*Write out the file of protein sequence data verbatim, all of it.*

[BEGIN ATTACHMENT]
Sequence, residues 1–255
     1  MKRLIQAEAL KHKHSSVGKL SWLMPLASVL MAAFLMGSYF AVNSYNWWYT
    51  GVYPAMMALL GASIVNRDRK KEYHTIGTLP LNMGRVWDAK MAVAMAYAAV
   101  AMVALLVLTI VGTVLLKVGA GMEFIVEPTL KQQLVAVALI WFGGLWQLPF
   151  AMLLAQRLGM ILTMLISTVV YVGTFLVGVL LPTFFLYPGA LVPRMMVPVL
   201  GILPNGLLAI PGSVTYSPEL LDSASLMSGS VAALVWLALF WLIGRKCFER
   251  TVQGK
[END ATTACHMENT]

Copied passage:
Sequence, residues 1–255
     1  MKRLIQAEAL KHKHSSVGKL SWLMPLASVL MAAFLMGSYF AVNSYNWWYT
    51  GVYPAMMALL GASIVNRDRK KEYHTIGTLP LNMGRVWDAK MAVAMAYAAV
   101  AMVALLVLTI VGTVLLKVGA GMEFIVEPTL KQQLVAVALI WFGGLWQLPF
   151  AMLLAQRLGM ILTMLISTVV YVGTFLVGVL LPTFFLYPGA LVPRMMVPVL
   201  GILPNGLLAI PGSVTYSPEL LDSASLMSGS VAALVWLALF WLIGRKCFER
   251  TVQGK